corresponding dopant. As such, localization and mobility of the polaron is strongly coupled to that of the dopant counterion. Therefore, increasing dopant concentration simultaneously increases polaron mobility and macroscopic
conductivity of the polymer. However, macroscopic charge-transport of conjugated polymers is dependent on multiple factors besides the dopant and dopant
Figure 7. Chemical structure of polythiophene in its oxidatively, reductively, and
non-doped states. Oxidative and reductive doping leads to the formation of positive and negative quasiparticles, respectively19.
From a quantum mechanical perspective, the band gap energy of conjugated polymers may be modeled as a particle that can move freely on an
infinitely thin wire. This model is appropriate as intra-chain charge transport is a one dimensional phenomenon. In such a model, the ends of the wire are
obstructed by infinitely large potential wells, and the potential energy of the free- moving particle along the wire is zero. For this system, solutions to the time- independent Schrodinger equation (after the application of boundary conditions)
indicate the particles wavefunction yields discrete energy levels. The energy eigenvalues of such a system may be calculated using equation 1
, 𝑤ℎ𝑒𝑟𝑒 𝑛 = 1, 2, 3 …(1)
where n is the energy level, ℏ is Plank’s constant divided by 2π, me is the mass of
an electron, and L is the length of the infinitely thin wire. In principle, the energies of the HOMO and LUMO energy levels may be calculated using equation 1, and the absolute difference between them will yield a theoretical value of the band gap.
Intriguingly, the relationship presented in equation 1 implies that the length of the wire directly effects the HOMO and LUMO energy levels, and therefore the band
gap. Since electrons of conjugated polymers delocalize through pz orbitals of the main chain, conjugation length is analogous to the theoretical wire length. Therefore, promoting orbital overlap by controlling the backbone morphology of
conjugated polymers represents an alternative method by which to influence the band gap energy.
1.4. Backbone Morphology of Conjugated Polymers
While chemical doping and the model of a particle on an infinitely thin wire
both improve and explain charge transport of conjugated polymers within an individual chain (intra-chain transport), electrons may also move perpendicularly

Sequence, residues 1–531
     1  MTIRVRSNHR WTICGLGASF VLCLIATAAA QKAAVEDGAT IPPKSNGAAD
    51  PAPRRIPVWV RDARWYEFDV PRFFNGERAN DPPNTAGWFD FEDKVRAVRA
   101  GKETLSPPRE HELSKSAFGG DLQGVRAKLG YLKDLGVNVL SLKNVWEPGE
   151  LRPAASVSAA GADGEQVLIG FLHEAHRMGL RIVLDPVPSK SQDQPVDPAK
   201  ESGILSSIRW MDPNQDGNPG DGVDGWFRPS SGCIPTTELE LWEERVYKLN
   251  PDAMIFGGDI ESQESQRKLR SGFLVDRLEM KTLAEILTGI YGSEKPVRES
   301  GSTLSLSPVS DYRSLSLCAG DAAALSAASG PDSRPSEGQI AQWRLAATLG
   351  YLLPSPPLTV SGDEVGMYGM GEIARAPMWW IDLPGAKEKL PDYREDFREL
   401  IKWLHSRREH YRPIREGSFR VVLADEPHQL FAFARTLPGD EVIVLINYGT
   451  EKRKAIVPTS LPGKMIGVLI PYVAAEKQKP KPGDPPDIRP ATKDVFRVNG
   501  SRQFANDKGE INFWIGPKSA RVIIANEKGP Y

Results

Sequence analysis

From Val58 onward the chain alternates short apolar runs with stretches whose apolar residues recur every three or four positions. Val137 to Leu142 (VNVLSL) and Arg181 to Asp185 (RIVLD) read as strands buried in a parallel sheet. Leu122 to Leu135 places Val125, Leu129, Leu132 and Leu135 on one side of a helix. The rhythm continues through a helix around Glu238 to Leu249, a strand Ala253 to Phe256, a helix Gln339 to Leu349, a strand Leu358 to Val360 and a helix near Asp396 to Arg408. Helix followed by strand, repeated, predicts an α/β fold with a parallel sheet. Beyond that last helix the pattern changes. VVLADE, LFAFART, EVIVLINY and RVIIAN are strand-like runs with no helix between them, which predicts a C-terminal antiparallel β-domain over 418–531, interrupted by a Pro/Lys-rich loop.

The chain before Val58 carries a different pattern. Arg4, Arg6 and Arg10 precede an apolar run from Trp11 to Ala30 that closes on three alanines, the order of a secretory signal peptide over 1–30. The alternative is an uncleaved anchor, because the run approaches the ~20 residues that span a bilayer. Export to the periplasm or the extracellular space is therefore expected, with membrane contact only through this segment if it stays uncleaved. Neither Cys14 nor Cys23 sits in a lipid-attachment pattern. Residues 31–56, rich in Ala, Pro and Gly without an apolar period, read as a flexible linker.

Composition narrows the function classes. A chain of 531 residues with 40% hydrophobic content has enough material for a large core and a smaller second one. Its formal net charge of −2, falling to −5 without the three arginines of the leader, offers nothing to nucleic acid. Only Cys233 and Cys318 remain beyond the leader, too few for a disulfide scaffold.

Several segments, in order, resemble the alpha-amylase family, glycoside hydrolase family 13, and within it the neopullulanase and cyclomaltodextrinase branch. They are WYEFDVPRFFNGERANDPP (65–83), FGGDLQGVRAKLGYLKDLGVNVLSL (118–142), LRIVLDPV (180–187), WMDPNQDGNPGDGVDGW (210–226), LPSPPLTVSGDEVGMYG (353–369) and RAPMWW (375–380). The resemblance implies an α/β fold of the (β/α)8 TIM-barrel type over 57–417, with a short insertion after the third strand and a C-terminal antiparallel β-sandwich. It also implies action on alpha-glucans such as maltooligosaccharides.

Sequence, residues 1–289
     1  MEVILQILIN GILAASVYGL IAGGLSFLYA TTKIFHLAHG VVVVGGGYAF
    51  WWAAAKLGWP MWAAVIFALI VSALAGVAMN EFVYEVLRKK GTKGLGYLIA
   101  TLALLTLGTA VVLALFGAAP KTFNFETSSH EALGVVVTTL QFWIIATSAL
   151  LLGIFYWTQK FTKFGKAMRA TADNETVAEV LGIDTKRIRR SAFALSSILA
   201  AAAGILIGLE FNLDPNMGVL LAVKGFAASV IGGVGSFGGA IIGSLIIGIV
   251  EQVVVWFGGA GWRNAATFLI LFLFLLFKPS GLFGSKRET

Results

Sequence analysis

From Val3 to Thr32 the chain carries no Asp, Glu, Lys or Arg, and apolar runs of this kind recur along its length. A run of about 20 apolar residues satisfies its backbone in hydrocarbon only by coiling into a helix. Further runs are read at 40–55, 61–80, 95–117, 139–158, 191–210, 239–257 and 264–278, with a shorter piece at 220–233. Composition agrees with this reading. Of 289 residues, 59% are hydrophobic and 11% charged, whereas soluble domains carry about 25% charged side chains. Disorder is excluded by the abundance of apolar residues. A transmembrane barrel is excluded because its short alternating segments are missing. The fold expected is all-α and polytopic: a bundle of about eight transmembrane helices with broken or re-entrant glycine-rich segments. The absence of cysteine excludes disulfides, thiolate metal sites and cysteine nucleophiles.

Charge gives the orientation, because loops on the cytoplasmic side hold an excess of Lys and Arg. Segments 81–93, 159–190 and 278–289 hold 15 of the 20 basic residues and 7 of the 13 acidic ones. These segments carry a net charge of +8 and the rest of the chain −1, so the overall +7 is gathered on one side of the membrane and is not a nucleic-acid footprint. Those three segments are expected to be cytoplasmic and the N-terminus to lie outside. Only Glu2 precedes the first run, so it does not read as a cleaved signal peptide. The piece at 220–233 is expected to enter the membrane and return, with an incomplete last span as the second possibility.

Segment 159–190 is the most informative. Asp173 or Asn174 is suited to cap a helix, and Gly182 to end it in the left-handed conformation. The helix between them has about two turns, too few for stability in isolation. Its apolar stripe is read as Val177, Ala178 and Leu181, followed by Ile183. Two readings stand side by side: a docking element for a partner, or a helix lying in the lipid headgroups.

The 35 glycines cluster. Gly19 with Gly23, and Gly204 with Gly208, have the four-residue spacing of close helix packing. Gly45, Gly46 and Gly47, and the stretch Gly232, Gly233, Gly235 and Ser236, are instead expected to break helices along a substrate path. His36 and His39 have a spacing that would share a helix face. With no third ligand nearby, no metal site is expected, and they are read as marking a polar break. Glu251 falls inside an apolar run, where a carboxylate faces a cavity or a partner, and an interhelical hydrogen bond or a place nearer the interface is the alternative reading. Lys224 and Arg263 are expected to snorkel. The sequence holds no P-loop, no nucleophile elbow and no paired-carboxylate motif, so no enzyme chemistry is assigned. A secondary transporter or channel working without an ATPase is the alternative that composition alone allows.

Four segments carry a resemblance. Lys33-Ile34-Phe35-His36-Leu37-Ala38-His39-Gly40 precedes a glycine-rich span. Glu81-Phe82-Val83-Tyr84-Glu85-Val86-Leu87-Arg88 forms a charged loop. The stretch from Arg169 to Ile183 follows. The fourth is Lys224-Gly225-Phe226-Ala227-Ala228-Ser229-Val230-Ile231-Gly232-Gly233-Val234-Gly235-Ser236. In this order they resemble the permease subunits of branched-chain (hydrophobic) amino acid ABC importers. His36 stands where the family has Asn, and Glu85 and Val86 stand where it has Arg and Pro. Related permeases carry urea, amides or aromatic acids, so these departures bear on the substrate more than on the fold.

between separate chains (inter-chain transport)21. In the ideal case, conjugated polymers may be thought of as perfectly rigid and linear conductive wires, with of intra-chain charge transport relative to inter-chain charge hopping. In this scenario
However, from an applications perspective this ideal example is ultimately impractical. To work effectively, the length of the individual polymer chains would have to span the entire structure of a device, which has never been achieved.
Consequently, macroscopic conductivity over long distances in bulk conjugated polymers is dependent on inter-chain mechanisms. Unfortunately, such
mechanisms are greatly hindered by alignment defects along individual polymer main chains22. These imperfections introduce charge traps into the conjugated backbone, and suppress two dimensional conductivities. Importantly, these
defects may be diminished by the appropriate control of conjugated polymer microstructure and crystallinity, allowing for augmented two dimensional mobility
of charge carriers through intra and inter-chain transport.
Figure 8. The different directions of 2-D charge transport in organic semi-
conductors: Intermolecular charge hopping (top) and intramolecular backbone transport (bottom).
Control of crystalline morphologies in conjugated polymers, namely poly(3- hexylthiophene) (P3HT), have been demonstrated to enhance the performance of photovoltaic devices23. Kinks and bends along the conjugated polymer backbone
act to effectively increase the systems band gap. However, promotion of crystalline regions between backbones leads to more rigid and ordered structures, which
correspondingly results in the geometrical alignment of pz orbitals. As discussed previously, the infinitely thin wire model shows that alignment of pz orbitals increases the conjugation length, and reduces the band gap energy. However, as
polymers never exist as completely crystalline materials, conjugation is not continuous, but instead exists in rather discrete regions. The ensemble average of